An endowment is, by definition, a permanent investment reserve, meaning that the principal cannot be used unless the donor gives you permission or the endowment is legally dissolved.
Sometimes boards mistake endowments for 1) a cash reserve, which is money tucked away in an interest-bearing account somewhere and is easily accessible; or 2) a “quasi-endowment,” the principal (or corpus) of which is invested for income from earnings but can easily be accessed when the organization need funds.
So, should your organization build an endowment? If your goal is to create a “financial bedrock” for your organization, a cash reserve “in perpetuity” with interest income, then the answer is likely yes. Your minimum goal should be 2x your annual operating budget, but you don’t have to stop there. The corpus is sacrosanct, the “prize” is the earning of interest annually, which can be reinvested in good years and accessed when needed.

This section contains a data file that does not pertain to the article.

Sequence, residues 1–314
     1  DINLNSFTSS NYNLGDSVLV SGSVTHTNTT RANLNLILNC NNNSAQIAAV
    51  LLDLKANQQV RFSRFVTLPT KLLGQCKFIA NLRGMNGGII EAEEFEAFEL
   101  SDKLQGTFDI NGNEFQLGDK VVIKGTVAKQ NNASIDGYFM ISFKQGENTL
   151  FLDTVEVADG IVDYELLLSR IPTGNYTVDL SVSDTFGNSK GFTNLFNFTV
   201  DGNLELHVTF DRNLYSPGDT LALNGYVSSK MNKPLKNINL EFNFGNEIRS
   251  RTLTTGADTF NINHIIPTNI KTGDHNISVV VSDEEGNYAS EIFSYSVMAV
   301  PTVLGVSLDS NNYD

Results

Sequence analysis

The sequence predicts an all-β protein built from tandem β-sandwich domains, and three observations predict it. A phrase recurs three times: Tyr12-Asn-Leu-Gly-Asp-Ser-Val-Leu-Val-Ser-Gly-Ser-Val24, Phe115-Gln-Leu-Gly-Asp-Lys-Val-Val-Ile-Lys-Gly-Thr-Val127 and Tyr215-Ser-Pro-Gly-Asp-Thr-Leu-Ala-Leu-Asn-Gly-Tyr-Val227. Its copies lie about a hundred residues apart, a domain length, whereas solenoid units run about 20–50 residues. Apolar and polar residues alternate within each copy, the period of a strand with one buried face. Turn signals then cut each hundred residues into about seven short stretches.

Having an endowment can be an attractive prospect for those donors who believe in nonprofit organizations having that financial security that endowments provide. If you are reluctant to take endowment funds from donors when you need “present” funding, you can still build an endowment by dedicating matured bequests and other planned gifts as they come in.
Consider this: a bequest or other planned gift will be the last gift from that donor; an endowment will ensure that the gift continues to fund the organization in perpetuity. And as the Silents and the Boomers age, planned gifts could become more attractive to them than current gifts.
The other consideration, of course, is the management of your endowment funds for maximum return. Some organizations have staff dedicated to the task and others hire professional managers and consultants to manage endowment funds. If neither of those options appeals to you, another idea is to place responsibility in the hands of a community foundation through an endowed fund that will support your organization in perpetuity. The one thing you need to know about this option is that, once the funds have been put in the community foundation, they become an asset of theirs. You receive the interest earned minus a small fee for management.
The one sure thing is that establishment of an endowment is a big step for most nonprofits, and should be carefully considered from all angles by both senior staff and the members of your board.